Using Activated Carbon in a Freshwater Aquarium

Carbon filters2
The quality of carbon is typically measured by ash content, iodine number, and molasses number. It is important to have a carbon material with a good mixture of both large and small pores to catch pollutants. If the surface has many tiny pores (micro-porous carbon) then the pores will not be large enough to let pollutants to enter them. On the other hand, if the total surface area contains mostly large pores (macro-porous carbon) then there will not be very many chemical bonding sites. >

Quality of the carbon
Make sure you buy quality activated carbon. Cheap carbon often contains a great deal of ash, and will become deactivated (meaning that it stops removing compounds) very quickly. Another important thing is if you use carbon with a lot of ashes in water, these ashes will start floating and make it look dirty.
When it comes to freshwater aquarium filtration, there are many options to choose from. One of the most popular filtration methods involves activated carbon filter media. Yet, using carbon in a freshwater aquarium is a controversial subject. Some people believe it is a waste of time and never use carbon except for special occasions. Others use a great deal of carbon and hope to polish the water and remove odours.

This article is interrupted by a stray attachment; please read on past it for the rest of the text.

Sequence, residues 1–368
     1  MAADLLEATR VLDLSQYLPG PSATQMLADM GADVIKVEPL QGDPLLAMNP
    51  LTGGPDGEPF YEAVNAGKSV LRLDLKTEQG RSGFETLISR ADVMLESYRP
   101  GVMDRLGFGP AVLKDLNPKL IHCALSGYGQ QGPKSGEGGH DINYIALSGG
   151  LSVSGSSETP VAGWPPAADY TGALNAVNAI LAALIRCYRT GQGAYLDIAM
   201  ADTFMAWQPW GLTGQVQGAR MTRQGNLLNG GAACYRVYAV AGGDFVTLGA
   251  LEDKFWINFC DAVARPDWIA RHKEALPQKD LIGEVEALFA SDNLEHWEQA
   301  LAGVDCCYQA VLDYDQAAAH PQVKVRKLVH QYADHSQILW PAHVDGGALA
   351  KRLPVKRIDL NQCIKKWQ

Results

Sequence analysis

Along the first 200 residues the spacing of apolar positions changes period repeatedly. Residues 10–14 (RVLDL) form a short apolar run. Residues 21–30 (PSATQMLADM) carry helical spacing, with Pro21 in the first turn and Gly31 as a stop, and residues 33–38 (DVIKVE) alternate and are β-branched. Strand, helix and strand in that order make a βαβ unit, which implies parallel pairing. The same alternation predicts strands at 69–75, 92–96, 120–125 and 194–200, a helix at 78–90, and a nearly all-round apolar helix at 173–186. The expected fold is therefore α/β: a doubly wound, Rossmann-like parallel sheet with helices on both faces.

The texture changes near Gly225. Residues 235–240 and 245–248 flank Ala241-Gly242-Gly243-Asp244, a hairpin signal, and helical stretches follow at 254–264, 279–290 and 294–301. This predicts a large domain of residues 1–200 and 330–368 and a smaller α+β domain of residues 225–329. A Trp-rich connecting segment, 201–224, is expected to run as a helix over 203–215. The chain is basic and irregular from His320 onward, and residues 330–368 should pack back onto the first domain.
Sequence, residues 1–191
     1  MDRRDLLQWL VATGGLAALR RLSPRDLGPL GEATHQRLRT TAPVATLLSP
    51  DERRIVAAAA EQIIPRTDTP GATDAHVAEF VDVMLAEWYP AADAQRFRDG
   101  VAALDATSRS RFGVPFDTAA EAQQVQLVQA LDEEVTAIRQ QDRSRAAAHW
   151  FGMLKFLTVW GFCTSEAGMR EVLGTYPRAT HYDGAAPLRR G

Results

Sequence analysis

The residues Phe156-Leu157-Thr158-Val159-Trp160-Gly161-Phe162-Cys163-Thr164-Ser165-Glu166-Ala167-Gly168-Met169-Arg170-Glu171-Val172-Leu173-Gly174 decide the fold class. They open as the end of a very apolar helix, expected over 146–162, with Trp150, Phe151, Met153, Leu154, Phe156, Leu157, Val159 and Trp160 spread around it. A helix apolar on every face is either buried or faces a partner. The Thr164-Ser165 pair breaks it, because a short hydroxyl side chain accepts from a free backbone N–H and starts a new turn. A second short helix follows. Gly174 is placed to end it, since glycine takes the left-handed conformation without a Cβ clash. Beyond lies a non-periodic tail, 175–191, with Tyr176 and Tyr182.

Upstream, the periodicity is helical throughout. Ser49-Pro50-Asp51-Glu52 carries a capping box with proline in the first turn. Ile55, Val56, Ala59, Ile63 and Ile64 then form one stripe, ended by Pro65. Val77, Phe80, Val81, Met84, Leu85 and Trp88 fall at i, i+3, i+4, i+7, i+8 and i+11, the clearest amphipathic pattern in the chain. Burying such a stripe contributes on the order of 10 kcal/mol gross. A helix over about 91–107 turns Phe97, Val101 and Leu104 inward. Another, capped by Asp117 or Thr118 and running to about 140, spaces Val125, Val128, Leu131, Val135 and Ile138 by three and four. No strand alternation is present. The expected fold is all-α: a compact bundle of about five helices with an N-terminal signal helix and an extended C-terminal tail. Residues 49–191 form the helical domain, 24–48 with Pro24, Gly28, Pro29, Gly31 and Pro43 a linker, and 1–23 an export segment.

As a fish lover, I always do the best to keep my tank as clean as possible. I tried both ways, with or without activated carbon. After failures and trails, I can say if use properly, carbondoes polish the water and remove odours effectively. Sure, you may continue to insist the anti-carbon point of view,butif you decide to use carbon, there are several things you need to know in order to achieve the optimal aquarium.

Read next for more tips to perfect your aquarium setup.